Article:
Life just got more difficult for churches in New Jersey that have theological objections to blessing gay unions. In a ruling from the state Civil Rights Division, the United Methodist affiliated Ocean Grove Camp Meeting Association was found to have discriminated against a pair of lesbians when it denied their request to use an Association facility:
The finding, issued by Division on Civil Rights Director J. Frank Vespa-Papaleo, said an investigation had determined there was reason to pursue anti-discrimination charges against the Ocean Grove Camp Meeting Association for denying Harriet Bernstein and Luisa Paster permission to rent its Boardwalk Pavilion for their civil union ceremony. Vespa-Papaleo also intervened as a complainant in the case.
Evidently in New Jersey it is OK for a state official to play prosecutor, judge and jury in a case.
Bernstein and Paster, who live in Ocean Grove, had applied for permission to rent the Boardwalk Pavilion for their civil union ceremony in March 2007, but the Ocean Grove Camp Meeting Association denied their request because it said the civil union ceremony conflicted with the religious beliefs of the United Methodist Church. The Association said it was not required to permit civil union ceremonies in its Boardwalk Pavilion based on First Amendment rights.
However, an investigation found that the refusal to permit the civil union ceremony violated the public accommodation provisions of the state’s Law Against Discrimination and did not violate First Amendment Rights. The Division investigation found that the Camp Meeting Association had been permitting the public to use the Boardwalk Pavilion for weddings and secular events and that the Association had gained a Green Acres tax exemption from the state Department of Environmental Protection nearly 20 years ago after a finding that the Pavilion will be open to the public “on an equal basis.” (Following filing of the civil rights complaint, the DEP rejected a renewal of the Green Acres tax exemption for the Boardwalk Pavilion in September 2007.)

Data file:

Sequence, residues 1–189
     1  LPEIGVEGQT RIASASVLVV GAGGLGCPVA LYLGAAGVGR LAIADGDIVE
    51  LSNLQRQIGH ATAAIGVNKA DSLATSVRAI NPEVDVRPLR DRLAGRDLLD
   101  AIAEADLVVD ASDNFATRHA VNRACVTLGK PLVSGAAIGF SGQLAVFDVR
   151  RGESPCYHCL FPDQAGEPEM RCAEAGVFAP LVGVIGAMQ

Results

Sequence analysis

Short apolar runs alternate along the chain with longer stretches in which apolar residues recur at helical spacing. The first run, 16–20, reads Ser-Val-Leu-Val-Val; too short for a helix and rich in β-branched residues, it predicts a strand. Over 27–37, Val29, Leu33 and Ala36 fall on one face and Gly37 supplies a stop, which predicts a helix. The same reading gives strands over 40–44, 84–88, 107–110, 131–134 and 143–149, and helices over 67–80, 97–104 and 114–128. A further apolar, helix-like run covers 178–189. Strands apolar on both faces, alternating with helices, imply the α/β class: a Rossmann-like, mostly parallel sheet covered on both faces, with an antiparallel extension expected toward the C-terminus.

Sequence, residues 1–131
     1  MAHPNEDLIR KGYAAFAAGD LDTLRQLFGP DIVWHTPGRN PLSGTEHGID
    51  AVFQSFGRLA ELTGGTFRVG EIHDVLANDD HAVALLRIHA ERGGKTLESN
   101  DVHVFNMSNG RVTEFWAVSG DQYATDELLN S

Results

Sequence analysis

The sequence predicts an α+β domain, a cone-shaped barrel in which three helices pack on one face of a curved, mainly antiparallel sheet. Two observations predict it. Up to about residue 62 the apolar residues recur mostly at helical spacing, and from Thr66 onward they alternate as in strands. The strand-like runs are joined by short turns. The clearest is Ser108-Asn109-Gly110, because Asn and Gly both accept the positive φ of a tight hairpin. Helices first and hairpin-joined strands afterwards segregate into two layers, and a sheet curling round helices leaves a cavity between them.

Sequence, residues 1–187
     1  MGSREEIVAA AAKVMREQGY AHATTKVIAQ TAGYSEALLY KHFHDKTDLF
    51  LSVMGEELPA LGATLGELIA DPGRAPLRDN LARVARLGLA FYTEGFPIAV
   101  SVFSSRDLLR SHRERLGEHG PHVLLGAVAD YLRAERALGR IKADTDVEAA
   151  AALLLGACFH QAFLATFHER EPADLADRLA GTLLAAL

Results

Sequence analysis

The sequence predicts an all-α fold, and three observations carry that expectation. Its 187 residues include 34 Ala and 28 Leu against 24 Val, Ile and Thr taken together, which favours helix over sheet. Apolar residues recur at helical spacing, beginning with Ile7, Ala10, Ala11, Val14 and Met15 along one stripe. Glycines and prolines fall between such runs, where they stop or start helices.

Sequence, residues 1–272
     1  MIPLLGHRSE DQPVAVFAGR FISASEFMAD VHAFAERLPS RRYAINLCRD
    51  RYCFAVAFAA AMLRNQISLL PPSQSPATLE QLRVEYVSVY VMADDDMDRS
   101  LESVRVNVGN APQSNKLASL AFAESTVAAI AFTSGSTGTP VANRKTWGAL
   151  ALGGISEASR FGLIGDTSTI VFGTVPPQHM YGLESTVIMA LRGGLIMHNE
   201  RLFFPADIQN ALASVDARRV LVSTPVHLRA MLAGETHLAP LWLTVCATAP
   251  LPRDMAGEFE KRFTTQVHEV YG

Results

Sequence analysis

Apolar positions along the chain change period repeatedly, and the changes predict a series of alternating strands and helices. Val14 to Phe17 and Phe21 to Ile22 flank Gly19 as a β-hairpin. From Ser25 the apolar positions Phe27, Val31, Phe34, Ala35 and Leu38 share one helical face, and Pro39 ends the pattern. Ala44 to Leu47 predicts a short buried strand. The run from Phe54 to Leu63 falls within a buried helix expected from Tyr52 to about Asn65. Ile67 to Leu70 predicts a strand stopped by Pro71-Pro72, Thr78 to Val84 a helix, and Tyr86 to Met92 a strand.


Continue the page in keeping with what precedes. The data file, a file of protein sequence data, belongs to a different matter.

The Finding of Probable Cause states in part, “When it invites the public at large to use it, the Association is subject to the Law Against Discrimination, and enforcement of that law in this context does not affect the Association’s constitutionally protected right to free exercise of religion.”
That last claim is extraordinary–public accommodations laws that have never been applicable to religious facilities now trump the First Amendment in New Jersey. Here’s where the problem comes in: A lot of churches will permit non-church members to use its facility for a wedding, and many of those same churches will open their doors to secular events (anything from concerts to AA meetings). While the Camp Meeting Association pavilion isn’t a church building, it certainly is a “religious facility” at least as much as a church family life center or amphitheater would be. What New Jersey is saying, in essence, is that if churches allow their facilities to be used by the public, they are risking being sued by gays and having the state CRD play enforcer to coerce them into having their buildings used for purposes to which they are unalterably opposed. The public will be hurt by that, as churches make perfect places to hold many events, and churches will be hurt, by being unable to extend hospitality to others, but I suppose that doesn’t make any difference to the enforcers of the new sexual morality orthodoxy.
There are lots of people out there trying to make the case that legalizing gay marriage will have no effect on anyone else. This case suggests otherwise.
(Via Alliance Alert.)